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Re: Yellow Jackets
Old 07-20-2006, 12:44 PM   #21
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Re: Yellow Jackets

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Originally Posted by Cute Fuzzy Bunny
* Yellow jackets bite, and can continue to bite.
The yellow jackets I am talking about sting and can sting repeatedly.* I suppose they could bite you too but most people wouldn't care since the venom is injecting only by stinging (not biting).
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Re: Yellow Jackets
Old 07-20-2006, 01:17 PM   #22
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Re: Yellow Jackets

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Originally Posted by hellbender
The yellow jackets I am talking about sting and can sting repeatedly.* I suppose they could bite you too but most people wouldn't care since the venom is injecting only by stinging (not biting).
Ding! Ding! Ding!....the correct answer is Sting!* Bees do not bite nor do hornets or wasps or yellow jackets or bumble bees.* Fire ants bite and sting...at the same time.*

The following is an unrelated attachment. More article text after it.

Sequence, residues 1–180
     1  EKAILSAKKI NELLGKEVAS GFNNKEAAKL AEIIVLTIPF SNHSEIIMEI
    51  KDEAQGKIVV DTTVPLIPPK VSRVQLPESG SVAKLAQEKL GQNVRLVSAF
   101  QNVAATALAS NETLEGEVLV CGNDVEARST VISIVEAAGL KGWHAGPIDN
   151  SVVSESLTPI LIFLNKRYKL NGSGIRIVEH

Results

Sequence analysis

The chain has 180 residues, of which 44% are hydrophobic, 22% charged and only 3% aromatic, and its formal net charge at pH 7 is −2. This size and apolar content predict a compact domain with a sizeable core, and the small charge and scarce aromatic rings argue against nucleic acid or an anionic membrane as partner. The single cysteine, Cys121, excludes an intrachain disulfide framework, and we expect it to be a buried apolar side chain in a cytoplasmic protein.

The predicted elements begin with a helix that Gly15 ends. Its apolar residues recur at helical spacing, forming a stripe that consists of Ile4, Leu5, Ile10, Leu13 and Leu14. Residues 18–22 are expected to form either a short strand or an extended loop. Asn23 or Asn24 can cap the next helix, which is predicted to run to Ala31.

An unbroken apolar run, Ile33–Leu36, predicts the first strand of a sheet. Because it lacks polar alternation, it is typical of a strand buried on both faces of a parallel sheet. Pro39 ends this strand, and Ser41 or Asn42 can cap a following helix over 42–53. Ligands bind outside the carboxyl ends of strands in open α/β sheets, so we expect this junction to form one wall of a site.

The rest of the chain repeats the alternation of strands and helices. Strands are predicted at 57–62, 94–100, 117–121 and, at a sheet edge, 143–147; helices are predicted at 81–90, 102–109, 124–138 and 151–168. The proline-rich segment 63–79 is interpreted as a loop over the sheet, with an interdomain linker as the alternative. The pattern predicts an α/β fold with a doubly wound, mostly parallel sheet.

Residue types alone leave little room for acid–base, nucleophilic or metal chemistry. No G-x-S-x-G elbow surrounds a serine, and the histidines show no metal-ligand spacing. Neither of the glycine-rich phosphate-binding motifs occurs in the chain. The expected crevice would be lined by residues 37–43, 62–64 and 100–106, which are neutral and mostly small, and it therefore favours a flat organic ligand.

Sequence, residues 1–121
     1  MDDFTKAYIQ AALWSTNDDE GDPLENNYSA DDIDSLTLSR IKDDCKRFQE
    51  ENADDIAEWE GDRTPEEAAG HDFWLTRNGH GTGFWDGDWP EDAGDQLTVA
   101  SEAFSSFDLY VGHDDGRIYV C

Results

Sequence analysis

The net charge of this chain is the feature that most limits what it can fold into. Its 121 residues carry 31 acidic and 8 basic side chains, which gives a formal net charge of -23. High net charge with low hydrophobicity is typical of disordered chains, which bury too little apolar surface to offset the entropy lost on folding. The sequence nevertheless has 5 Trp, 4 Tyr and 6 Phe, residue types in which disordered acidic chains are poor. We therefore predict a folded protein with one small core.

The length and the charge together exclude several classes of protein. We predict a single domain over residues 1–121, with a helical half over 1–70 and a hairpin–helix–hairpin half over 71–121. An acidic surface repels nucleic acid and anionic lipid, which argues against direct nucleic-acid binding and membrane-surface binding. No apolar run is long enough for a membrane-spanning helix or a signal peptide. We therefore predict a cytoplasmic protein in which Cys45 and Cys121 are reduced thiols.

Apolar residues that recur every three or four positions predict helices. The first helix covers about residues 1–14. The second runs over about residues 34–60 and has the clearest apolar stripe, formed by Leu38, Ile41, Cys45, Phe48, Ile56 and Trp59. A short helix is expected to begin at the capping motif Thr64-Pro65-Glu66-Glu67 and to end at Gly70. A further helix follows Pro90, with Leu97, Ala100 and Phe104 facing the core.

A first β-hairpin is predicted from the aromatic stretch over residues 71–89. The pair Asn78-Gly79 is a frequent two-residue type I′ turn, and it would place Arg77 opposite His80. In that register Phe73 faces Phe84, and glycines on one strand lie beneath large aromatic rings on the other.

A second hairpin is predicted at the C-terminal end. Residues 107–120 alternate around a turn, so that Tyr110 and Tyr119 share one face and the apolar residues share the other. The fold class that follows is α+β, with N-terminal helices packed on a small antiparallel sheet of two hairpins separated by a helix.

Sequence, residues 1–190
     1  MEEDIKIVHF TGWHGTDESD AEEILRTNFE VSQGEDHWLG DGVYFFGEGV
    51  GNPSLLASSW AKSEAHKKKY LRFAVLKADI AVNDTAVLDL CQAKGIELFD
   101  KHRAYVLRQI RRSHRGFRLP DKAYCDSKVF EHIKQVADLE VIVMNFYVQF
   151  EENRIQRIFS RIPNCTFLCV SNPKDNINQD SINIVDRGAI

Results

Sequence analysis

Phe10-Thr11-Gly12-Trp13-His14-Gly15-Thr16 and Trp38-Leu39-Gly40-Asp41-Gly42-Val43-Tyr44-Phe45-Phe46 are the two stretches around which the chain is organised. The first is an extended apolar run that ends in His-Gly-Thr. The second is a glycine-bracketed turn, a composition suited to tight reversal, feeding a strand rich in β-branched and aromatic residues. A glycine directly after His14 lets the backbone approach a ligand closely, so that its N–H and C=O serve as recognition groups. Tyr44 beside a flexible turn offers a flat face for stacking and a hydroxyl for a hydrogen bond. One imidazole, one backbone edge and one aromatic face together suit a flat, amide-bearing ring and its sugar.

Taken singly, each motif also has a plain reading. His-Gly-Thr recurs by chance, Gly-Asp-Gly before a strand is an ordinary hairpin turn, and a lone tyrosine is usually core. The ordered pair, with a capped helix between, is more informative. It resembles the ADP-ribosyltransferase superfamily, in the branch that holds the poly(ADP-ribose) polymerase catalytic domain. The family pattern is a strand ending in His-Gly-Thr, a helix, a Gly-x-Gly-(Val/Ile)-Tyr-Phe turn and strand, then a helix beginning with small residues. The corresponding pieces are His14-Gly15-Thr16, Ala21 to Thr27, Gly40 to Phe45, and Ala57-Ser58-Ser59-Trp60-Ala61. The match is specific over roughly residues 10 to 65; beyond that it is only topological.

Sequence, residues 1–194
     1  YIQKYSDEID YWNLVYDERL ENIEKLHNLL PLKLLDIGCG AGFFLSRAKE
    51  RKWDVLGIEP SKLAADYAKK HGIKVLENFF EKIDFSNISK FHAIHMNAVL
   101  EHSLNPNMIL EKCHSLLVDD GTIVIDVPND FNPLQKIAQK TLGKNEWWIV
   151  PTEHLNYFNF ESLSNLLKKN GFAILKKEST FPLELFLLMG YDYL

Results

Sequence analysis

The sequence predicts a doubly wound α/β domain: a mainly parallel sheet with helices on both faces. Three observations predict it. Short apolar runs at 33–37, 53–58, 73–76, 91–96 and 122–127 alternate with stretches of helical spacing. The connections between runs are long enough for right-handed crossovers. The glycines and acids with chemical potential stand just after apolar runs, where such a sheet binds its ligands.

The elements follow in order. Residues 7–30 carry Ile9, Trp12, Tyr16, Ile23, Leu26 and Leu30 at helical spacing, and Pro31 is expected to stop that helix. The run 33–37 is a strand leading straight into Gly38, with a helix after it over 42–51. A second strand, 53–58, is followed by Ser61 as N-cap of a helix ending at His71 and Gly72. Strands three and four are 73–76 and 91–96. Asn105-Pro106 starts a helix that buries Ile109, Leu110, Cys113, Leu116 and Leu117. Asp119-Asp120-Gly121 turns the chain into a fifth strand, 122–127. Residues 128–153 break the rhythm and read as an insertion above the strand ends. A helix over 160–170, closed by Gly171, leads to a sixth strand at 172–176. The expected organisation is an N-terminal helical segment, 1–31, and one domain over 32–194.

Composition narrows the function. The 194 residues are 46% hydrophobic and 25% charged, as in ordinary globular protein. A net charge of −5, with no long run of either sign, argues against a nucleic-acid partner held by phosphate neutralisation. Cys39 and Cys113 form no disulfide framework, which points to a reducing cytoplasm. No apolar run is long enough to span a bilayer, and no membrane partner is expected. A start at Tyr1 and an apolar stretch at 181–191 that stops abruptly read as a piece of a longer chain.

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Re: Yellow Jackets
Old 07-20-2006, 01:20 PM   #23
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Re: Yellow Jackets

I think one thing that causes a lot of confusion is that yellow jackets, wasps, and hornets are all, if I'm not mistaken, part of the wasp family. They can all sting repeatedly, because unlike honeybees, their stingers do not break off.

However, yellow jackets, the ones that are usually pestering you at picnics, raiding trash cans, etc, are tiny little things about the size of a honeybee, just not as fuzzy.

But then wasps seems to come in different varieties. There are wasps that have yellow stripes on the abdomen and look like yellow jackets, but they're not. They're just a form of paper wasp that builds the umbrella-shaped nest under the eaves of houses, fender wells of abandoned cars, etc. Usually 50-100 per nest, max. There are also solid brown wasps that are similar.